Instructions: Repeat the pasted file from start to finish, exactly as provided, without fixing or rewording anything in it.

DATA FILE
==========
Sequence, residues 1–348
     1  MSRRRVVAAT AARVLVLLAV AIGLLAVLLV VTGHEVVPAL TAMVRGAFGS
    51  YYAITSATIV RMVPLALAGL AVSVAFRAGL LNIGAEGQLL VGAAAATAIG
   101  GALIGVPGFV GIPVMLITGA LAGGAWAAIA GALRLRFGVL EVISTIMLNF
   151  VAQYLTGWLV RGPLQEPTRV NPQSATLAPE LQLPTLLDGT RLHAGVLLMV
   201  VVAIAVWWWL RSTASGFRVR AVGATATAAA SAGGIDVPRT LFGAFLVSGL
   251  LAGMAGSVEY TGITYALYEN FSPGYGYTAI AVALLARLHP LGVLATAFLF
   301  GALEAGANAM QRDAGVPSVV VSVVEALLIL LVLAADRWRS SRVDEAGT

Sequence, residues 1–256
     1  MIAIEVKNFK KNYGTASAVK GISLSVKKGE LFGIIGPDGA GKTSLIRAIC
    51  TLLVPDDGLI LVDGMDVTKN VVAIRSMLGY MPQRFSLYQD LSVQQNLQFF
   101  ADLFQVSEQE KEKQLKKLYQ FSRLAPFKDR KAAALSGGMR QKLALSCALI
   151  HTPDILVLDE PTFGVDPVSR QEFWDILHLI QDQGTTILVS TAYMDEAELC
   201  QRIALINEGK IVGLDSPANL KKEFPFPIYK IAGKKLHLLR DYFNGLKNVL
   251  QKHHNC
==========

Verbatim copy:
Sequence, residues 1–348
     1  MSRRRVVAAT AARVLVLLAV AIGLLAVLLV VTGHEVVPAL TAMVRGAFGS
    51  YYAITSATIV RMVPLALAGL AVSVAFRAGL LNIGAEGQLL VGAAAATAIG
   101  GALIGVPGFV GIPVMLITGA LAGGAWAAIA GALRLRFGVL EVISTIMLNF
   151  VAQYLTGWLV RGPLQEPTRV NPQSATLAPE LQLPTLLDGT RLHAGVLLMV
   201  VVAIAVWWWL RSTASGFRVR AVGATATAAA SAGGIDVPRT LFGAFLVSGL
   251  LAGMAGSVEY TGITYALYEN FSPGYGYTAI AVALLARLHP LGVLATAFLF
   301  GALEAGANAM QRDAGVPSVV VSVVEALLIL LVLAADRWRS SRVDEAGT

Sequence, residues 1–256
     1  MIAIEVKNFK KNYGTASAVK GISLSVKKGE LFGIIGPDGA GKTSLIRAIC
    51  TLLVPDDGLI LVDGMDVTKN VVAIRSMLGY MPQRFSLYQD LSVQQNLQFF
   101  ADLFQVSEQE KEKQLKKLYQ FSRLAPFKDR KAAALSGGMR QKLALSCALI
   151  HTPDILVLDE PTFGVDPVSR QEFWDILHLI QDQGTTILVS TAYMDEAELC
   201  QRIALINEGK IVGLDSPANL KKEFPFPIYK IAGKKLHLLR DYFNGLKNVL
   251  QKHHNC